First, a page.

I’d feel that concrete pier shudder

from each Pacific wave

I’d watch the surfers and pelicans and

let myself remember.

“What Are You Praising?”

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[Treasures, East Haddam, Connecticut, 2015]

The morning after the horrible news from Paris, I was having tea with a neighbor, a woman I greatly admire and respect—but who, like so many of us, is very, very busy. So although we only live a few doors away from each other, we rarely spend time together.

She was bringing me up to date about many things—like her son. Who’s a teenager, now. A young man growing up in so many fine ways, she told me—although she finds his video games appalling. (“Mom!” he assures her. “I know right from wrong. And I understand the difference between fantasy and reality!”)

“Still,” she mused, sipping her tea. “I wonder, sometimes. ‘What are you praising?’ I ask him. I—”

“Whoa! Back up,” I interrupted. “Did you just ask say that you’d asked your son to think about what he’s praising when he plays a violent video game?”

Yeah.”

“That’s profound! That’s—that’s—Would it be all right if I write about this on my website? Because that just seems to be the most clarifying question anyone could ask. Should ask themselves. Not just teenagers. Anyone. We all should be asking, ‘What am I praising?’ as we go about our day-to-day lives. That just seems brilliant!”

We got quiet for a moment. Were we both thinking about those young men only a few years older than her son who, hours earlier in Paris, had murdered scores of people? What did their act praise? Because in their minds, I believe, what they did, the havoc and terror they inflicted, praised something incredibly powerful for them. [This link and imbedded, long-but-worth-it video by anthropologist Scott Atran sheds some light on this.]

“Have at it!” She smiled.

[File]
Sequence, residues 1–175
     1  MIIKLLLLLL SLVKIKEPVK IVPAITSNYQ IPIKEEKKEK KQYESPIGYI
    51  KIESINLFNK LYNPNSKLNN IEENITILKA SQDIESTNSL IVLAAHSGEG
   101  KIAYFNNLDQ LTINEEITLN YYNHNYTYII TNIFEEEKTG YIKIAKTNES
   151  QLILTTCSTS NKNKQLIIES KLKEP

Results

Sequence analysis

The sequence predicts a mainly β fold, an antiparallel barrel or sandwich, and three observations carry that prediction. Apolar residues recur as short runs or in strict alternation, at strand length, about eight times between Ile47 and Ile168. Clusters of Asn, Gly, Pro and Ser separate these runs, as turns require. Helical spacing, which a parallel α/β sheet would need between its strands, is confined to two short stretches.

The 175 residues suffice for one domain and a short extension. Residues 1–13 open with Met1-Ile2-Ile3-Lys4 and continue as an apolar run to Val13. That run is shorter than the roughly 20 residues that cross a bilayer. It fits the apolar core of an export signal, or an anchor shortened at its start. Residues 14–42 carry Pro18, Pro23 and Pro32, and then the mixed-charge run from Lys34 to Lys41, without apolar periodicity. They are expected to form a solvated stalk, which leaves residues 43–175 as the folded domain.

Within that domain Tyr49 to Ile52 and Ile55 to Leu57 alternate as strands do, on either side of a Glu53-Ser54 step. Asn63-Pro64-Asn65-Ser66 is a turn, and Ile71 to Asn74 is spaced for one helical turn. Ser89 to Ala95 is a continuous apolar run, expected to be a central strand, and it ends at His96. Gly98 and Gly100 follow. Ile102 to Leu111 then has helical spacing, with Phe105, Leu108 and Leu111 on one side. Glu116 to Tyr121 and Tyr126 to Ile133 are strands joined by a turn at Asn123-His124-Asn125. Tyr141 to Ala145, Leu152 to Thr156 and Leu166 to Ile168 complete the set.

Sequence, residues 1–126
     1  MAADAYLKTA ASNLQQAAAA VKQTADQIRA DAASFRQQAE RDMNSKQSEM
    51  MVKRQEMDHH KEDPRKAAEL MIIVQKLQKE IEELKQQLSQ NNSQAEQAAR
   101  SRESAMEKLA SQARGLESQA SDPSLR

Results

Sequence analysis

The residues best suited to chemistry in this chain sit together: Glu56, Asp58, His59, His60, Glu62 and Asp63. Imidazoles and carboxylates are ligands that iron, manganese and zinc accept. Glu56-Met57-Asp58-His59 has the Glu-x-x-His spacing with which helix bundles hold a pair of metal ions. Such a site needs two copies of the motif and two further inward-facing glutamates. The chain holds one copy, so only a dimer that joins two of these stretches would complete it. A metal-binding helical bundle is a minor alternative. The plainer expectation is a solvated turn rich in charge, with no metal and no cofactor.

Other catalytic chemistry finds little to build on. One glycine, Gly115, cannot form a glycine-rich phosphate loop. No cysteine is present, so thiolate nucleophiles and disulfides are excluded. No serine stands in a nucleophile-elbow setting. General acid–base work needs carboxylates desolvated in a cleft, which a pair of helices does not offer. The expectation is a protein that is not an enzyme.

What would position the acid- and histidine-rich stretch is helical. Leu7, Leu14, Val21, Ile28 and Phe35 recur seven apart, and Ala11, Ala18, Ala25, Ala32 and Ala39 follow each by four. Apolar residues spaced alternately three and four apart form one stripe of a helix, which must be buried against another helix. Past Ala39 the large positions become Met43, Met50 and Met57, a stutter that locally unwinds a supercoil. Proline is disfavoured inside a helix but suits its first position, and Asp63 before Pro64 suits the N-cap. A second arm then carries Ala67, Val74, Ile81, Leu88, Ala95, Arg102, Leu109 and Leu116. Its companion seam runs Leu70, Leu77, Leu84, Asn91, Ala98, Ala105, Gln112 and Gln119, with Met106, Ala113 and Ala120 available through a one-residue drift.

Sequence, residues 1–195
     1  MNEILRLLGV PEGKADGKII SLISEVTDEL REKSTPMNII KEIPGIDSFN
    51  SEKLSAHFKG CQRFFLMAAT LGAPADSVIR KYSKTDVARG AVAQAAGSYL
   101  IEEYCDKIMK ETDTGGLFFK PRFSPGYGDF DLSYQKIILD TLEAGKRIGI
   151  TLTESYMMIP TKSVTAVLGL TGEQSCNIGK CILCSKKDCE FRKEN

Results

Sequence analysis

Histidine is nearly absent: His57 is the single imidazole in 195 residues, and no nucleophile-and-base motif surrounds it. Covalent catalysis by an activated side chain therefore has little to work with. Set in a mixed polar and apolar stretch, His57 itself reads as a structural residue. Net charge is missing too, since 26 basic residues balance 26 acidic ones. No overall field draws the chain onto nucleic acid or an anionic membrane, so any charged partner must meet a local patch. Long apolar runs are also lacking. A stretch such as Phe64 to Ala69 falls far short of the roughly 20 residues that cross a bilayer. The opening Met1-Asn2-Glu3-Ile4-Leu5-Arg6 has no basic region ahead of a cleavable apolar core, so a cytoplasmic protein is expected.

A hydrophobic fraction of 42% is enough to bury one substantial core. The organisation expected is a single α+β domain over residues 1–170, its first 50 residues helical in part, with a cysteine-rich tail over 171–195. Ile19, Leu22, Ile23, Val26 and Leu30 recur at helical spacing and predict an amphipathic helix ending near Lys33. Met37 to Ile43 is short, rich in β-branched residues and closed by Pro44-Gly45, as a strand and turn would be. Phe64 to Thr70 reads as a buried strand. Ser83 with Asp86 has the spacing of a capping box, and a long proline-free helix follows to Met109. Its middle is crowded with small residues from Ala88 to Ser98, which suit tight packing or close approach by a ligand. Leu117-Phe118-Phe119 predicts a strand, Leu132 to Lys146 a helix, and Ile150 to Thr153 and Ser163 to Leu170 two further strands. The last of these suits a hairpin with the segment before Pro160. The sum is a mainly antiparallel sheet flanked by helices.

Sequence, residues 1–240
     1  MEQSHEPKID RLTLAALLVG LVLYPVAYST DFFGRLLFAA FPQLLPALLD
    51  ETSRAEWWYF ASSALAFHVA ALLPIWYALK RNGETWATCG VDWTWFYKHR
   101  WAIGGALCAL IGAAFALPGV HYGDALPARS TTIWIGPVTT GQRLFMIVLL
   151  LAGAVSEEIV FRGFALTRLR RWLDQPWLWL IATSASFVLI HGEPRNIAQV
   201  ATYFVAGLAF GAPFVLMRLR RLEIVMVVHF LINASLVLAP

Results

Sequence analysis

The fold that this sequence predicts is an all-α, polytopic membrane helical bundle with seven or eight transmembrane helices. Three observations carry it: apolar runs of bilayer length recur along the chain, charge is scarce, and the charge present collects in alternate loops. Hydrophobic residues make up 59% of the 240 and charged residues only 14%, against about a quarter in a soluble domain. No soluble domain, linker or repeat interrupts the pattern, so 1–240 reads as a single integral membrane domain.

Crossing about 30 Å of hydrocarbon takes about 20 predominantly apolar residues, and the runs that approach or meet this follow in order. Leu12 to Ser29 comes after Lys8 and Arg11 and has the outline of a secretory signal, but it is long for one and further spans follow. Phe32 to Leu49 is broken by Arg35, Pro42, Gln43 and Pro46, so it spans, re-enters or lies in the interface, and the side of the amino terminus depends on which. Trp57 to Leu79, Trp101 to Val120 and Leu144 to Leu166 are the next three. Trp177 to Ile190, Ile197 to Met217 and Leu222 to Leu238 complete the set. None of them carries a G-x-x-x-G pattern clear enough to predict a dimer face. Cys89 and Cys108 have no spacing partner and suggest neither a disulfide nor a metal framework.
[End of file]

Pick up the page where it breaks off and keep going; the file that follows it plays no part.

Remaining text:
So I have. Praise be!

Beat Your Swords Into Train Tracks *and* Affordable Housing

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Good news: a new subway station/light rail is probably coming to my neighborhood (Cost overruns are making important people like the governor look twice at the project). More Good News: Many car-repair and other businesses dependent upon the fossil-fuel industry which once dominated my neighborhood are, seemingly overnight, being transformed into housing. In other words, the status quo of living in a world dominated by cars, is shifting. Changing. VERY Bad News: This new housing is NOT affordable housing.

“If you want peace, work for justice,” has been my mantra since the 90s. So on Sunday, instead of attending the International Day of Peace on Boston Common, I am abandoning my Quaker peeps to attend a forum on the future of my community, hosted by Union United, a grassroots organization advocating for, you guessed it, affordable housing!

“Where are All Those Babies Coming from?”

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[Third Rail, Harvard Square T, 2015]

In conversations a couple of times, lately, I’ve heard the word “upriver” used to anchor whatever that person—usually young, usually progressive, usually really smart—is talking about, a shorthand for systemic, overwhelming, we need to look at and deal with the root causes of whatever social ill you and I are presently talking about.

The backstory to “upriver” (Skip this paragraph if you already know.): Upriver references a much-told story I’d heard back in the early 90s; the third-hand way I’d heard the tale, it had been told by Kip Tiernan, a righteous, early-on advocate for the homeless. Kip’s story went like this: Once upon a time there was a village beside a river. One day someone from the village saw a baby on a raft floating by so rescued that baby, took it home, clothed it, fed it, built a crib for it to sleep in, etc. Next day, two babies, two rescues, next day, more and more until the people of that village were doing nothing else but rescuing babies. The story ends, of course, when someone in that village proposes that someone should walk upriver to find out what’s going on!

Here’s the thing, though: Even though you or I can think upriver about, say, why it’s hot as hell right now in the Northeast although the calendar’s saying it’s early fall—another day in the 90s expected today—or why, right now, close to 60 Million People have been forcibly displaced worldwide (Take whatever time you need to take in that obscenely astronomically number), such thinking doesn’t alleviate our pain, does it.